Thursday, March 22, 2012

"Spotting" Handkerchiefs in Art

This is a continuation of yesterday's post on handkerchiefs. I've done some searching online and have found several images of spotted handkerchief in period art work. I should note that this search was for examples of handkerchiefs worn by women, and not men.

One of the earliest images I came across, and one of my favorites, is A City Shower, 1764. The original is in the Museum of London but you can find copies of it in online art stores. This is a very pretty example of a handkerchief with a "Red Ground and spotted with White". It looks as though this handkerchief is a large square worn folded in half. Lots going on in this image - pretty handkerchief, bib apron, quilted petticoat, and pattens! I really want a pair.

A City Shower, 1764, Museum of London
If you look closely at The Old Ballad Singer, 1775, the women on the right seems to be wearing a handkerchief with a dark colored ground and some kind of white pattern. It's hard to tell. I couldn't find a better close up of this image.

In the portrait of Martha Saunders, also dated 1775, we find a handkerchief with a dark ground and simple white spots.

Martha Saunders, 1775
We find the opposite in The Tenant's Daughter, 1796. A handkerchief with a white ground and dark spots. We can only guess at their color.

Haines and Son, London. 1798
Here is a close up of Spring, 1779, by John Collet. It's a lovely example of a blue handkerchief spotted with white. I like how the handkerchief matches the gentleman's coat. :)

Spring, by John Collet
I don't have an exact date for this next image, but I believe it's from the 1770s or early 1780s. Unfortunately I don't know the artist either. I found the image on Sotheby's several years ago but did think to save any additional information. (If anyone has information on this painting, please let me know.) Anyway, it's another nice example of a red (brownish red) handkerchief with white spots. LOVE that green bonnet and matching green mitts! She looks a little overdressed for harvesting hops. Reminds me of George Stubbs' painting of the Hay Makers.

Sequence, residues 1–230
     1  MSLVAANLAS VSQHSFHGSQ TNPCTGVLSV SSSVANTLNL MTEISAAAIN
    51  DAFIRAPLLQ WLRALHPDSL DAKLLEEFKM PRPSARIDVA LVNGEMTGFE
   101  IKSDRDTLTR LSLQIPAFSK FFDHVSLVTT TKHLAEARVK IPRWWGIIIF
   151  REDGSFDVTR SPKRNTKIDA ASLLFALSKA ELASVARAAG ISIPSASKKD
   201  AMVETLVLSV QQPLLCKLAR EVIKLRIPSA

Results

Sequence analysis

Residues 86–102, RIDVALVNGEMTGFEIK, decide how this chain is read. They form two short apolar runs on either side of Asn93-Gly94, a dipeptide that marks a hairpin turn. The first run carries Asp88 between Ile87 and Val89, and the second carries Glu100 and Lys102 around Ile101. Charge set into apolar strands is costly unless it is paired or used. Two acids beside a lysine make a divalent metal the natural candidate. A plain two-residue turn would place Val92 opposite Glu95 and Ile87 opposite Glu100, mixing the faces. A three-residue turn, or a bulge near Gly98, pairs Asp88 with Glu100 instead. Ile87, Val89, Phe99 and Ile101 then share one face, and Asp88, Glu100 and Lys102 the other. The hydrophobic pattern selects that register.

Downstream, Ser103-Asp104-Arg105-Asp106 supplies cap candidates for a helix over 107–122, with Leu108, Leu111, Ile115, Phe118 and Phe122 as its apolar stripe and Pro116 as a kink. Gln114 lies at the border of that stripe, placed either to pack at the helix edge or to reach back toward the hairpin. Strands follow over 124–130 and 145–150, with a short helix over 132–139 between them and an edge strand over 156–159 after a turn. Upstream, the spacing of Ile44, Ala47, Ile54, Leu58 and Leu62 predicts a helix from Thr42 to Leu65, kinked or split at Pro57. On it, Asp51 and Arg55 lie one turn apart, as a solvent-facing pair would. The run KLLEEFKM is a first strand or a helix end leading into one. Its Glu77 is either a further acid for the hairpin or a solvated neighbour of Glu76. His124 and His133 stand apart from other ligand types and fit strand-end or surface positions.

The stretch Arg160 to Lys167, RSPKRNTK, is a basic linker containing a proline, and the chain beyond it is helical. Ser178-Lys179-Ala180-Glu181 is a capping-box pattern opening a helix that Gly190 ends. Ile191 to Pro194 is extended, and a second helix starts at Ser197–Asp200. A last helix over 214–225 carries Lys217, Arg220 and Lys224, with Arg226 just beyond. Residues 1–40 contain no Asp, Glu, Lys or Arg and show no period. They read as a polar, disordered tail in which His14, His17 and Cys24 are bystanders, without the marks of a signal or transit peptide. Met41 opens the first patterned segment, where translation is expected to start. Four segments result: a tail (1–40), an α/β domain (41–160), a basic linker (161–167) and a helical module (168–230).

For additional information on spotted handkerchief please see Paul Dickfoss' article, Spotted Handkerchiefs!


  1. Yes! Love all these non-white handkerchiefs, thanks so much for posting them! It seems like the lower on the economic scale people were, the more varied the handkerchiefs depicted, maybe it was the easiest and least expensive way of dressing up otherwise basic clothing that you were stuck with because you couldn't afford a new gown every six months.

  2. Thanks ladies! Yes, I do like the variety of handkerchiefs out there. The more I look the more I find! It's amazing how changing little things like the color of your handkerchief or ribbon on your cap can give your wardrobe a whole new look.

  3. You might find this article interesting. It was published quite a while ago now.

  4. Thank you Paul! I've linked to the article at the end of this post.


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